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#1
Old 01-22-2003, 12:05 AM
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Most difficult majors in engineering/sciences

When I was in college, there was a clear progression of engineering majors. ChemE was considered the hardest. IE (Industrial Engineering) the easiest. (Well, actually there was also Packaging Engineering, but they never got any respect at all.) This was never based on anything factual of course. It was just common wisdom passed down from year to year. But pretty entrenched as far as that goes.

Is the order different at other schools? Or maybe the whole concept of an order was unique to the school I went to. (Doubtful!)

Not to limit this to just engineers, how about within other areas, like the sciences?
#2
Old 01-22-2003, 01:21 AM
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My ex g/f double majored in Chem and BioChem... at VaTech... definitely a lethal combo if ya ask me.
#3
Old 01-22-2003, 03:02 AM
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At Illinois there was a broad range. The harderst were considered to be any that were combined disciplines.

Aeronautical Engineering and Chemical Engineering were the hardest, followed by Mechanical and Civil, with others all bringing up the rear. Industrial, Materials Sciences, Nuclear, and General.

There's also the Computer Engineers, Computer Sciences, and Electrical Engineers that fell in there bundled together, but they were always their own animal. These were more based upon your affinity for computer concepts, some thought they were teh easiest, other thought they were impossible. From a workload and competition standpoint I'd put them between the Aero/Chem and Mech/Civil teirs.
#4
Old 01-22-2003, 07:53 AM
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When I was at Purdue, Nuke Engineers were thought to have it the roughest while "InterDisciplinary Engineers" had the cushiest ride. As I understood it, IDEs took classes from all the engineering schools, but no depth in any of them. They were even mocked by the Industrial Engineers.

I majored in Aero - I'd say it was somewhat demanding.
#5
Old 01-22-2003, 09:57 AM
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Im going to have to go with Biochem as up there. At Va Tech, many people come hear thinking "I'll be an engineer or a comp sci person" 70% of the people that start in those programs, dont end up with a degree in that program. I think they have the highest attrition rates, but I think its because somebody assumes because they can write an email they can do anything. Plus parents are pricks about forcing their kids down a path their not into (another story). So attritian rates IMO arent the best gague. Maybe if you could filter out those who werent cut out for it period from the bozos who know what their doing, you could get a rough gague from attrition.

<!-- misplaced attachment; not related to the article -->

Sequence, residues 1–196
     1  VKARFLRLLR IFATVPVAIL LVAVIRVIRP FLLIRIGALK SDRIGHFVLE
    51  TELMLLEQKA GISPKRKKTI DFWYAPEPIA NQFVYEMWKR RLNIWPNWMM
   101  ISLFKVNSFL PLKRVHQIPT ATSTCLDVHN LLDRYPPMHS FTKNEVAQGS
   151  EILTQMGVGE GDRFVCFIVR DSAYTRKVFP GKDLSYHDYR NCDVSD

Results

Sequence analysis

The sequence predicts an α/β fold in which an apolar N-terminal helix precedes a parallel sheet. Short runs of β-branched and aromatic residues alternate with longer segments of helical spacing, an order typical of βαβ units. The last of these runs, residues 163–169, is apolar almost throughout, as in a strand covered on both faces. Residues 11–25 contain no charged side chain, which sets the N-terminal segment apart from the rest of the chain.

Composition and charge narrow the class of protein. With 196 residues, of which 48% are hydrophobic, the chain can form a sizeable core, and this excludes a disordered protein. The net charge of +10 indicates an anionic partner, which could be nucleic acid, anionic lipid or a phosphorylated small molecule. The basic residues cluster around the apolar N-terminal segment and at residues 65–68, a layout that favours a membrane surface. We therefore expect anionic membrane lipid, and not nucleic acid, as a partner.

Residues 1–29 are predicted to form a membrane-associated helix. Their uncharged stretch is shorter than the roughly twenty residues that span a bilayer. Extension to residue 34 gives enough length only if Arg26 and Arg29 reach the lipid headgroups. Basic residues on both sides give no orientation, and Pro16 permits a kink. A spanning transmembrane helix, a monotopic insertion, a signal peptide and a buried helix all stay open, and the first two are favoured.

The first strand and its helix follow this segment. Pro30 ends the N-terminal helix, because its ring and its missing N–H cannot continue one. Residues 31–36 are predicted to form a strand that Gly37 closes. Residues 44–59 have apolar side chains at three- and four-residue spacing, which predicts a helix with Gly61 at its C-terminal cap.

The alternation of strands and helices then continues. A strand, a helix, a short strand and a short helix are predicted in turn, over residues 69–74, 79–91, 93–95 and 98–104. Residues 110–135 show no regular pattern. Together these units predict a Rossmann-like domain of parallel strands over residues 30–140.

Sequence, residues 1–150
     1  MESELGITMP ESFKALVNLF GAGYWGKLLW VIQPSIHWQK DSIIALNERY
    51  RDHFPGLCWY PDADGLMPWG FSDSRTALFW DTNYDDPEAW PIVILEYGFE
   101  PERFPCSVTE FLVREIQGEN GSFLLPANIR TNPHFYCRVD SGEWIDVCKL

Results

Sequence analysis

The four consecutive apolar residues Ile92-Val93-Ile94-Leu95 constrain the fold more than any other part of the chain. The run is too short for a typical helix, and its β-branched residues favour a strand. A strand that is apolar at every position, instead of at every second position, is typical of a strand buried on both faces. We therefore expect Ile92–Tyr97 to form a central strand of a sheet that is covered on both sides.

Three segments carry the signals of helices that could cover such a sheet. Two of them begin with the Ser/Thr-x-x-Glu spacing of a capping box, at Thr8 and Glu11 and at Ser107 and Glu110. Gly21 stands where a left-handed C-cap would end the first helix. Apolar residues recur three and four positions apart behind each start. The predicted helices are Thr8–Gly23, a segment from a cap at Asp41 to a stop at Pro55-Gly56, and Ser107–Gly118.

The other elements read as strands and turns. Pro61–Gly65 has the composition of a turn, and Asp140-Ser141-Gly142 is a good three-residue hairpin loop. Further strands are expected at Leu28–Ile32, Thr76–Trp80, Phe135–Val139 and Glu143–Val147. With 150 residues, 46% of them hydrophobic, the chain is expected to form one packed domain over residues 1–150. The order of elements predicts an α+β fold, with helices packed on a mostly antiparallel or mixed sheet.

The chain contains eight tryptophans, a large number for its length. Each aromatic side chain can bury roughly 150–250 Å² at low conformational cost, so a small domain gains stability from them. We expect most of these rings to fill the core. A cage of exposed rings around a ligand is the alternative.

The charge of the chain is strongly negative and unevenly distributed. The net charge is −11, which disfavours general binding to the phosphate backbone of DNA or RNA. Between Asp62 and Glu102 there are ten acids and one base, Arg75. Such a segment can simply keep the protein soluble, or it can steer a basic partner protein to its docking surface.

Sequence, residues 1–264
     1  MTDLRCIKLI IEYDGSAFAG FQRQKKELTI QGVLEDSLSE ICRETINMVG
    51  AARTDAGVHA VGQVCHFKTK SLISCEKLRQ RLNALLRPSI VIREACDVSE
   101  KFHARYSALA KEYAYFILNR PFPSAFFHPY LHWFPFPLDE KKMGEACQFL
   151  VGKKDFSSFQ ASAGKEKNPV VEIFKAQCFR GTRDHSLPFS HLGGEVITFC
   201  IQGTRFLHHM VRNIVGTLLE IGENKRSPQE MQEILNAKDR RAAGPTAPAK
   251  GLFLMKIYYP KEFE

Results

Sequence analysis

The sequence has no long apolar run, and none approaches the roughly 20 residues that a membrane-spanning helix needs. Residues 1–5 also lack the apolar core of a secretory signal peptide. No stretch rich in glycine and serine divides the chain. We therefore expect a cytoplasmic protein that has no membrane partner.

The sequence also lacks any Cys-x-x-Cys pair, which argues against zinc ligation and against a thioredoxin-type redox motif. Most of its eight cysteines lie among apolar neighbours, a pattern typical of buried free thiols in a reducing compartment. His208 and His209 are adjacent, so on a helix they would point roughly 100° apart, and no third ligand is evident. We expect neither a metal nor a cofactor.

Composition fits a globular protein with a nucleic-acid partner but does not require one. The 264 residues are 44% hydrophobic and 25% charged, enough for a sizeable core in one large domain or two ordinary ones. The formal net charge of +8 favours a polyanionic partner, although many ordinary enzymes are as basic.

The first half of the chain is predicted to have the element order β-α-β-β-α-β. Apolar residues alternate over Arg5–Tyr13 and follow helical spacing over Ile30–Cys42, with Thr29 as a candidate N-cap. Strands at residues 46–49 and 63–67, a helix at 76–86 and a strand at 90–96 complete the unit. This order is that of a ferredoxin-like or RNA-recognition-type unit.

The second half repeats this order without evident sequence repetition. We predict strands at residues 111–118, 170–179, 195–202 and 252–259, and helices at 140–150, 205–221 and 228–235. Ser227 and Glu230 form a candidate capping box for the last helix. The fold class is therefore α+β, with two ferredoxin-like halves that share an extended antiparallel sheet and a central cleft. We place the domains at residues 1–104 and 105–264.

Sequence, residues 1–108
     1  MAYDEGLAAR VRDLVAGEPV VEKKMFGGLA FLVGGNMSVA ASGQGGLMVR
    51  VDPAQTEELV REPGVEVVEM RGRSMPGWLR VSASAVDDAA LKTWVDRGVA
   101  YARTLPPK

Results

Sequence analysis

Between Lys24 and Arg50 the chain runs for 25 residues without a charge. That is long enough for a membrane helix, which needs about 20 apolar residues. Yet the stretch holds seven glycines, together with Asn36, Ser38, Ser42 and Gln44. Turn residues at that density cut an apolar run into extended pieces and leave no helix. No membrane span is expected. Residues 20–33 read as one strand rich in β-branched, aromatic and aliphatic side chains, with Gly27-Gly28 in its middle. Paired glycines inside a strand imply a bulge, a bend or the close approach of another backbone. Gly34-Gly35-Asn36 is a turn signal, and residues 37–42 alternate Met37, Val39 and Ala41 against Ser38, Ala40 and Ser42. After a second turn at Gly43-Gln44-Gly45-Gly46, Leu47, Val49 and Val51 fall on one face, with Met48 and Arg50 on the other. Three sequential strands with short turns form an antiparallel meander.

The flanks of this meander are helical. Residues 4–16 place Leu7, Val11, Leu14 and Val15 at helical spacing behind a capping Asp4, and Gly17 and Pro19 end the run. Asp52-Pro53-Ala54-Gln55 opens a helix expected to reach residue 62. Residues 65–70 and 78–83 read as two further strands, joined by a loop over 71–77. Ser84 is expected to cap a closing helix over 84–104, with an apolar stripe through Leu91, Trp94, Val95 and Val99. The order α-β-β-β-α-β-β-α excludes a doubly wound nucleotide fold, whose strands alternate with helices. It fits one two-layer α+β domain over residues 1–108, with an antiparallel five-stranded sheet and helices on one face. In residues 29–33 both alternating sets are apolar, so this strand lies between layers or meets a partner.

#6
Old 01-22-2003, 10:19 AM
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At my university it was a case of if your department was based in a particular building you deserved any amount of respect and awe. The two departments were Electrical & Electronic Engineering and Chemical & Process Engineering.

I was a Chem Eng person it was kinda tough
#7
Old 01-22-2003, 10:48 AM
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I took ChemEng in Germany, and I remember being really jealous when we'd still be working in the labs (woithout Airco!) at 5:00 PM, while all the Architectural students from the building next to us would be spending their afternoons at the University's swimming pool, checking out the Biology major babes. Even the Electrical Engineers didn't seem to work as hard as we did.
#8
Old 01-22-2003, 11:19 AM
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At the University of Wisconsin, Chemical Engineering was generally accepted to be the hardest of the bunch. I started out on an engineering track there and I remember being presented bar graphs that showed that ChemE's took the longest to graduate on average. I believe it took nearly seven years for a former roommate of mine to get his Bachlors in ChemE, but that included some semesters off for internships.

However as a Computer Science major (which is a Letters & Science degrees at Wisconsin, not engineering), I found that the EE/Computer Science double majors seemed to be the biggest gluttons for punishments.
#9
Old 01-22-2003, 11:30 AM
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Chem eng was considered the hardest at Queen's. I think mining was considered the easiest.
#10
Old 01-22-2003, 11:49 AM
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ChemE and EE were considered the hardest at UVA. Interestingly, it was also common wisdom that ChemE girls were the second-hottest, right behind the systems engineering department. Coincidentally, sysE was afforded no respect whatsoever.
#11
Old 01-22-2003, 12:13 PM